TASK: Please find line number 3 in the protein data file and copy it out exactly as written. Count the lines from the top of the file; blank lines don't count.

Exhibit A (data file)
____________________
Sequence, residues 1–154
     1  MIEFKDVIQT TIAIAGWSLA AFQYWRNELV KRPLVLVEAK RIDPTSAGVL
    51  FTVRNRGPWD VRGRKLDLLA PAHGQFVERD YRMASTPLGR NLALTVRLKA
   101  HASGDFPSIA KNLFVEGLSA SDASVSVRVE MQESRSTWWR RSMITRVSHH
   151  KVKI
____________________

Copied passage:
    51  FTVRNRGPWD VRGRKLDLLA PAHGQFVERD YRMASTPLGR NLALTVRLKA